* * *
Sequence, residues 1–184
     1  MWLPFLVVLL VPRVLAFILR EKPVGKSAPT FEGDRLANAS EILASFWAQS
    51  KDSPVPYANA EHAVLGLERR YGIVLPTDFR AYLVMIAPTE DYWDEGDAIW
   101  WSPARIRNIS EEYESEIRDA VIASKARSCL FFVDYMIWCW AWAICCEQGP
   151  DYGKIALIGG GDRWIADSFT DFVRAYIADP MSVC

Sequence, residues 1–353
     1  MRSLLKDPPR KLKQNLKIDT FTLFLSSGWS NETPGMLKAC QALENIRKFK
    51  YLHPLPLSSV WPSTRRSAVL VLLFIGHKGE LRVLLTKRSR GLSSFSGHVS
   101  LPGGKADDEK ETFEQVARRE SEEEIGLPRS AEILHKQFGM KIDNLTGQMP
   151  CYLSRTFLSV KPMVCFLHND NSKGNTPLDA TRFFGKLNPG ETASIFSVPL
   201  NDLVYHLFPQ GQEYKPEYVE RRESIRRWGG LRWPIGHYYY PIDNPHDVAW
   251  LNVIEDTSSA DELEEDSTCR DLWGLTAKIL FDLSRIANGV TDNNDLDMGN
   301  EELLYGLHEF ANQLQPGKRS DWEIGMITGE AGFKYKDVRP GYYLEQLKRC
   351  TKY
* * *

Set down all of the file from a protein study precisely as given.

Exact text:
Sequence, residues 1–184
     1  MWLPFLVVLL VPRVLAFILR EKPVGKSAPT FEGDRLANAS EILASFWAQS
    51  KDSPVPYANA EHAVLGLERR YGIVLPTDFR AYLVMIAPTE DYWDEGDAIW
   101  WSPARIRNIS EEYESEIRDA VIASKARSCL FFVDYMIWCW AWAICCEQGP
   151  DYGKIALIGG GDRWIADSFT DFVRAYIADP MSVC

Sequence, residues 1–353
     1  MRSLLKDPPR KLKQNLKIDT FTLFLSSGWS NETPGMLKAC QALENIRKFK
    51  YLHPLPLSSV WPSTRRSAVL VLLFIGHKGE LRVLLTKRSR GLSSFSGHVS
   101  LPGGKADDEK ETFEQVARRE SEEEIGLPRS AEILHKQFGM KIDNLTGQMP
   151  CYLSRTFLSV KPMVCFLHND NSKGNTPLDA TRFFGKLNPG ETASIFSVPL
   201  NDLVYHLFPQ GQEYKPEYVE RRESIRRWGG LRWPIGHYYY PIDNPHDVAW
   251  LNVIEDTSSA DELEEDSTCR DLWGLTAKIL FDLSRIANGV TDNNDLDMGN
   301  EELLYGLHEF ANQLQPGKRS DWEIGMITGE AGFKYKDVRP GYYLEQLKRC
   351  TKY